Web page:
PITTSBURGH -- Clarke Wilm needed only one shift last night to make his own judgement about the Sidney Crosby hype.
The Penguins' boy wonder broke through the middle on his first shift, eluded Wilm's coverage to take a pass and narrowly miss burying a backhand on Mikael Tellqvist.
Wilm also was in the vicinity when Crosby out-dueled Tomas Kaberle for a puck and stickhandled from his knees across the crease to Michel Ouellet for a third-period goal.
"He's the real deal," Wilm said after the Leafs' 3-2 overtime win. "He works hard, sees the ice great and does a lot of things that skilled players do."
Yet the Leafs were able to contain him most of the night -- and not in the traditional Pat Quinn, power-on-power line matchup.
The visiting Leafs employed Mats Sundin, Wilm, John Pohl and Kyle Wellwood, limiting Crosby to one power-play assist in 23:22 of action, five shots and a 47% success rate on faceoffs
"I wasn't really trying to match, but they seemed to want their veterans against Sundin's line," Quinn said. "They had the last change so I just thought I'd wait it out. With some of our young guys (Wellwood and Pohl), we need to find out how they will do in that situation."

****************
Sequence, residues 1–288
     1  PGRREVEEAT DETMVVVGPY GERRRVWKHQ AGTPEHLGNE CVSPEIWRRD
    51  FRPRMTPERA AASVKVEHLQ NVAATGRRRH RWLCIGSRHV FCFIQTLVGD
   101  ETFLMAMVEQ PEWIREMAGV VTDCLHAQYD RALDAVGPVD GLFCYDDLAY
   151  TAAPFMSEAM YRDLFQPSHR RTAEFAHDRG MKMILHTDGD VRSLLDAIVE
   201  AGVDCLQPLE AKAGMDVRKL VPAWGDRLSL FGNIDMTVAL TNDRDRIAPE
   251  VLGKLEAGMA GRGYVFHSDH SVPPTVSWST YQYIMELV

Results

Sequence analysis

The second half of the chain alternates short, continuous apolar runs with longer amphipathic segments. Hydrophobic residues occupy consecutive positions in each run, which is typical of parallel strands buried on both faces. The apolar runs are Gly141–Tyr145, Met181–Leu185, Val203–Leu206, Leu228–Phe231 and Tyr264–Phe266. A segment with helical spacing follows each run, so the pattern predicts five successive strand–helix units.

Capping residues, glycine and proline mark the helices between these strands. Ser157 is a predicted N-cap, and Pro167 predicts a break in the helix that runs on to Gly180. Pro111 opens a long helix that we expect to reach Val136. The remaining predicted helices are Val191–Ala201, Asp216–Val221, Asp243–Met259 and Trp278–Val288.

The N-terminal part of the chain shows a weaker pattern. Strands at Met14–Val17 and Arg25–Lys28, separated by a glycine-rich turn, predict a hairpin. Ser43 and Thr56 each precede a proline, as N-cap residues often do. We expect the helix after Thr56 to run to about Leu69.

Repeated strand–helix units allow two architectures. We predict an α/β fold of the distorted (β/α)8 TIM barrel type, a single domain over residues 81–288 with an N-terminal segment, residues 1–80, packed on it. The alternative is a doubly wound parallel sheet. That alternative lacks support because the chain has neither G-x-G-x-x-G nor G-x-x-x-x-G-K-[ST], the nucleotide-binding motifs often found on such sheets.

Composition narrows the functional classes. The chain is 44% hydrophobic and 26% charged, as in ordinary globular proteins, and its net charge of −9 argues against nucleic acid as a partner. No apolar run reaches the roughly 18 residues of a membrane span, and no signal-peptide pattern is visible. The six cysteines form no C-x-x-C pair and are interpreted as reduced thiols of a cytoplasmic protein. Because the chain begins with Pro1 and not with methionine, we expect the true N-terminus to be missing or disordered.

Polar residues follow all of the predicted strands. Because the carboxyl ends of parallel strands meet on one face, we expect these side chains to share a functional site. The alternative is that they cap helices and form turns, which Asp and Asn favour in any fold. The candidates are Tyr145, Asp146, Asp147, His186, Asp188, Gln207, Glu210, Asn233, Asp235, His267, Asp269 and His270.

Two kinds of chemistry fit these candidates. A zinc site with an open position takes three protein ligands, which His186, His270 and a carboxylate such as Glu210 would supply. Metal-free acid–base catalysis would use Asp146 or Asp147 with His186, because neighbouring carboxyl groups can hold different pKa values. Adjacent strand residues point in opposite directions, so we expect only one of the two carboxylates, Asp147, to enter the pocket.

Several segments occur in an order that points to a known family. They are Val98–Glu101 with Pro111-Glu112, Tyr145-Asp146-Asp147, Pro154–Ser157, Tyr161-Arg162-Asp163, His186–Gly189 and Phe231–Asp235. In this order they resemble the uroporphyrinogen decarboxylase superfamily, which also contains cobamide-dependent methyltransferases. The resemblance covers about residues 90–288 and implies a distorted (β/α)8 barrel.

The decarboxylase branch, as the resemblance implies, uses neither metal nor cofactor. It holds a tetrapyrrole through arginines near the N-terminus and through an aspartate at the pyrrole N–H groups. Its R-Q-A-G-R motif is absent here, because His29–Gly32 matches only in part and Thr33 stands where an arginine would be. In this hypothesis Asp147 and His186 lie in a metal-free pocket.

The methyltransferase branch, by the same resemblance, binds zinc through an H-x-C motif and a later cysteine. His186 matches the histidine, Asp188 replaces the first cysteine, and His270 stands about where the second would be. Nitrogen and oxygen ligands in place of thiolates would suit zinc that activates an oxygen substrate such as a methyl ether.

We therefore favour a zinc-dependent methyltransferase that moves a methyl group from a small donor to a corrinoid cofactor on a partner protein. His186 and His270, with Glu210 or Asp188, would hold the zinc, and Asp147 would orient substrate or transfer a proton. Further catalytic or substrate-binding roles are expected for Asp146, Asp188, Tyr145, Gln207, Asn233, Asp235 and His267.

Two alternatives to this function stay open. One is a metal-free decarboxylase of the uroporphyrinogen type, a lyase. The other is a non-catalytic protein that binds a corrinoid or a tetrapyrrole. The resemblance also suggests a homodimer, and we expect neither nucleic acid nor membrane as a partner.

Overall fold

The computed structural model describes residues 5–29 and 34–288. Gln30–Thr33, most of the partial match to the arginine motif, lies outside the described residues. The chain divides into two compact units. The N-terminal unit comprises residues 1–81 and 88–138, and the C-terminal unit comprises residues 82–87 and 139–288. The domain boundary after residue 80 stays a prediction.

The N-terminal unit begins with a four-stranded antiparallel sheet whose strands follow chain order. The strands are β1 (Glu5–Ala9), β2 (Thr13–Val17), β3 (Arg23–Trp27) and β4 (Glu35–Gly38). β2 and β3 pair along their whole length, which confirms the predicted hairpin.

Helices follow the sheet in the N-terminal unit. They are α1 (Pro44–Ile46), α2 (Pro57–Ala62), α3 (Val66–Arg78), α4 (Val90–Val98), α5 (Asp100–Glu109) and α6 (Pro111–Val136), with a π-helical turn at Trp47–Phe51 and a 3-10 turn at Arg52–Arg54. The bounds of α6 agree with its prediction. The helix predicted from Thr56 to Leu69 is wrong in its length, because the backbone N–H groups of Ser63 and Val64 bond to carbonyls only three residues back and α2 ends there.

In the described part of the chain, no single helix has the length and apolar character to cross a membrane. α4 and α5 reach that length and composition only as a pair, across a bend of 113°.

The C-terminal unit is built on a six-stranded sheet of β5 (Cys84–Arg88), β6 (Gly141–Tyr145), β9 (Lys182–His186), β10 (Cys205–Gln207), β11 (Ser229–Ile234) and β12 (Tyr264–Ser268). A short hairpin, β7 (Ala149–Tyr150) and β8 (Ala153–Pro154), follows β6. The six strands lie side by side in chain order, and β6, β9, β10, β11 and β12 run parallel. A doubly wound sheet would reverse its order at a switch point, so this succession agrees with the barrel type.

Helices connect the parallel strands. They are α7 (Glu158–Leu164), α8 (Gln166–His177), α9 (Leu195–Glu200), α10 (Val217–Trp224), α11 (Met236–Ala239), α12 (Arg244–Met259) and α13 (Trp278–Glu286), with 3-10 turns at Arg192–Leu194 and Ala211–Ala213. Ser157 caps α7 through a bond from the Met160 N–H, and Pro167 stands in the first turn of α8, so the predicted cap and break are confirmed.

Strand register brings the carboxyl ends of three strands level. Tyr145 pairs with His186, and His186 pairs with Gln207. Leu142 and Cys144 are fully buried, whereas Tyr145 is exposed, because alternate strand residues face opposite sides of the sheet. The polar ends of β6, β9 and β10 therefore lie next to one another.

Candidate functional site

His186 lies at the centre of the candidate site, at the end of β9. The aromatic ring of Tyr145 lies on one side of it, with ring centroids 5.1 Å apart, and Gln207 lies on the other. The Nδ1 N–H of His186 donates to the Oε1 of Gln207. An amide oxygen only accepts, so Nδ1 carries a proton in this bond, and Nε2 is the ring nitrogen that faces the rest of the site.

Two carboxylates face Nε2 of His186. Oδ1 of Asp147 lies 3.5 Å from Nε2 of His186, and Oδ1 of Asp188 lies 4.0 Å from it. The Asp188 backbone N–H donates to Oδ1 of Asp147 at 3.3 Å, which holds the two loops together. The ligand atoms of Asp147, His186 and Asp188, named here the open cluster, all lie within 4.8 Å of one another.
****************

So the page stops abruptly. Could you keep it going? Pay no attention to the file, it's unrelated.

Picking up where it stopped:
Marlies sniper Pohl, who was almost asleep Monday night when he got the call to meet the Leafs at the airport, got into a wrestling match with Crosby behind the Leafs net.
Crosby also crossed paths with Leafs defenceman Tomas Kaberle a few times.
"He's a shorter guy (5-foot-11), so you have to be careful, because he can go underneath you a little bit on the side," Kaberle said. "He's very fast and he goes to the net all the time, which is why he draws the penalties."
In addition to his face being plastered on every hockey publication and in all sports sections this season, Crosby's mug has been featured in magazines such as GQ and he has been on The Tonight Show.
So every checker in the National Hockey League, from the tiniest twerps to the brawniest bashers, has no problem identifying the key to the Pens' offence. But none are likely to cut 'the future of hockey' any slack in his rookie season.
"Last time I checked, I didn't think he was Mario Lemieux," said Leafs winger Wade Belak before last night's game.
"The only way you're going to stop guys like that is by body checking them."